Antibiotic overuse in animal and human healthcare has led in the accumulation of potentially hazardous antibiotic residues, known as emerging contaminants. These residues contaminate animal products including meat, milk, and eggs, which humans then ingest. Furthermore, antibiotic residues from pharmaceutical firms, hospitals, and households reach wastewater treatment plants, providing an environment conducive to bacterial growth and dissemination. This, in turn, can result in the spread of antibiotic resistance genes (ARGs) among bacterial cells, posing serious threats to both human health and the environment. In the case of ARGs, conventional approaches for eliminating antibiotic residues from wastewater and aquatic habitats have proven ineffective. Recent study, however, has shown that the adsorption technique, particularly when low-cost and environmentally acceptable bioadsorbents such as sawdust, prawn shell waste, algae, and fungi are used, is highly successful in removing antibiotic residues. Bioadsorbents Microalgae, Terminalia catappa leaf, and siris seed pods, in particular, have shown outstanding removal efficiency for antibiotics such as tetracycline, dicloxacillin, and nitromidazole, reaching up to 98.74%. These investigations have shed insight on the fundamental principles of the adsorption process, revealing its ability to target ARGs and antibiotic-resistant bacteria as well as remove antibiotic residues. As a result, addressing the issue of antibiotic residues in the environment has become critical in order to protect human health and prevent the spread of antibiotic resistance. Adsorption, particularly when bioadsorbents are used, appears to be a promising and efficient method of combating antibiotic residues and limiting the spread of antibiotic resistance genes and antibiotic-resistant bacteria in aquatic settings.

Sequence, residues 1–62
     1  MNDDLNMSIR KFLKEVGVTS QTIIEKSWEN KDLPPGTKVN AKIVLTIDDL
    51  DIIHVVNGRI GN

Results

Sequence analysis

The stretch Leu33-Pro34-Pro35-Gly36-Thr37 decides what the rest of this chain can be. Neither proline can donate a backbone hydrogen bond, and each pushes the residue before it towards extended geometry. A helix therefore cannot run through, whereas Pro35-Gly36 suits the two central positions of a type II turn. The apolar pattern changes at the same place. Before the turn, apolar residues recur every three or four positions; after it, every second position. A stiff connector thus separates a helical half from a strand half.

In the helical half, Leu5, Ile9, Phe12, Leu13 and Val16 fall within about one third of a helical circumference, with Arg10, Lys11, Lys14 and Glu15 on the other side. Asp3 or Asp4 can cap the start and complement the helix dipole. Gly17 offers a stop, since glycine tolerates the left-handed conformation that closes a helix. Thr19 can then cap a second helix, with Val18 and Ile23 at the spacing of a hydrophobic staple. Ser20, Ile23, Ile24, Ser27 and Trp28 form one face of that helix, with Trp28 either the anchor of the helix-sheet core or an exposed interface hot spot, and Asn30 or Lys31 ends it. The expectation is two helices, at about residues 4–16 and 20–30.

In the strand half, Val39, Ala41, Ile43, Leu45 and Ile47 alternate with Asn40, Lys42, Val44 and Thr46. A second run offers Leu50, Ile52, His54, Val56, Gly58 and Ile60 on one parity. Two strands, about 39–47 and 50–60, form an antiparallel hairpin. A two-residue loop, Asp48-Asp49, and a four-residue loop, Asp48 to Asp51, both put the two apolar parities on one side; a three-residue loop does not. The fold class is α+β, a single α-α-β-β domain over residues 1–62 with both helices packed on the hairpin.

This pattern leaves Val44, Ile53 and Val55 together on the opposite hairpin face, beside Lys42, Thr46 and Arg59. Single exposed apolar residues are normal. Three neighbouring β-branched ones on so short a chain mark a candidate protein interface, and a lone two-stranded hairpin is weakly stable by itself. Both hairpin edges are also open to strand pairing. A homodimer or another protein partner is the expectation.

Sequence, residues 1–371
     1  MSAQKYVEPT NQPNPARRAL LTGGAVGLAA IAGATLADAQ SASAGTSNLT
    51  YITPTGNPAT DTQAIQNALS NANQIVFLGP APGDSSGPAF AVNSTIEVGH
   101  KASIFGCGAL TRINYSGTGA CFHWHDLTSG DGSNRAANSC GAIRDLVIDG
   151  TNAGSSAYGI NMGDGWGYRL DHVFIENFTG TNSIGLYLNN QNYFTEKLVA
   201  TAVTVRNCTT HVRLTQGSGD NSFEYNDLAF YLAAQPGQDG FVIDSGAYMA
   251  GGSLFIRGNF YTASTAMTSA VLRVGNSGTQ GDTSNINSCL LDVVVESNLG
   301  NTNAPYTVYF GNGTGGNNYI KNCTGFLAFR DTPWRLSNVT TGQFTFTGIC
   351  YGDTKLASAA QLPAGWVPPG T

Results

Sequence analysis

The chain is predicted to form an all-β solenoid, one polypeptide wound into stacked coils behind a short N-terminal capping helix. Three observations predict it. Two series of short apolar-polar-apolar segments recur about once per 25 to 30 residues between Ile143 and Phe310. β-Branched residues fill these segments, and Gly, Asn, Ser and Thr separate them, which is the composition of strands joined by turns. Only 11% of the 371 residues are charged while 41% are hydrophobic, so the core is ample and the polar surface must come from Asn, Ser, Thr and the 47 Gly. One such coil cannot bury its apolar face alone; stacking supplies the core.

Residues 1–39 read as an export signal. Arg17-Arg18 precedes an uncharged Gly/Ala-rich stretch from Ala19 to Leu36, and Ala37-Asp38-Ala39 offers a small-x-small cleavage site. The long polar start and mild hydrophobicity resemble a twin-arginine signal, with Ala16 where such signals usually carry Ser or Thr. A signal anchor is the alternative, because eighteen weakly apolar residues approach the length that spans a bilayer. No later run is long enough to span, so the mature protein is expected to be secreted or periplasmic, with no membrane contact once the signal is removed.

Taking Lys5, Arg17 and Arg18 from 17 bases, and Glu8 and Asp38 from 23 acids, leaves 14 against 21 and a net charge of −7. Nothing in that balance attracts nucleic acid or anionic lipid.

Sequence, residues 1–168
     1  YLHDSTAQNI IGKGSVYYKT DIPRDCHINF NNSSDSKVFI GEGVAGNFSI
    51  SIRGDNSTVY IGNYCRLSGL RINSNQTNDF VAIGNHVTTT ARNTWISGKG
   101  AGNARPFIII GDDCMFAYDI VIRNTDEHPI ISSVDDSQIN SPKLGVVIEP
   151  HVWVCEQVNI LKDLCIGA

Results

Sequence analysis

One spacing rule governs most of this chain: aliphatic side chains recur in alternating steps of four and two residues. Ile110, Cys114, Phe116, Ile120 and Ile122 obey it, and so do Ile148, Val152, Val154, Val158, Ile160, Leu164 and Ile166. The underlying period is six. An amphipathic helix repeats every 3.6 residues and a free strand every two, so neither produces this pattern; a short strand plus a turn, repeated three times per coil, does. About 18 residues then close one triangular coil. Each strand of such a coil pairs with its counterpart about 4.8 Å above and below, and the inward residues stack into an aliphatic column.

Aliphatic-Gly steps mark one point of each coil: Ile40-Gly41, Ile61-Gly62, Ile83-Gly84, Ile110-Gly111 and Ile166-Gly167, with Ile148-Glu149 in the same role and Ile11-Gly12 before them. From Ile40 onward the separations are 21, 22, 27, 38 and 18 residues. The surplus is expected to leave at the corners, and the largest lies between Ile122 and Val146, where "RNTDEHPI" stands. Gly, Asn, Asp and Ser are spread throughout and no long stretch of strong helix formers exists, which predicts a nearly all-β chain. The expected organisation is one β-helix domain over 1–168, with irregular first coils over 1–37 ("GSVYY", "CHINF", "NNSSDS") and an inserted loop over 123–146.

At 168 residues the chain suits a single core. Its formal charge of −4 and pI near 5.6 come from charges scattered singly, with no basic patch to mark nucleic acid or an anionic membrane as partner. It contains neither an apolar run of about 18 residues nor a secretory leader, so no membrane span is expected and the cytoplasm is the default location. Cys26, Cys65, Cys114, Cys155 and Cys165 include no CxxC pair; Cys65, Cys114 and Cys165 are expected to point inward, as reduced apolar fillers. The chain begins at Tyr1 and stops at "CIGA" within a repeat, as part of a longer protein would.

Antibiotic Residues, Aquatic Environment, Bio Adsorbents, Adsorption, Emerging
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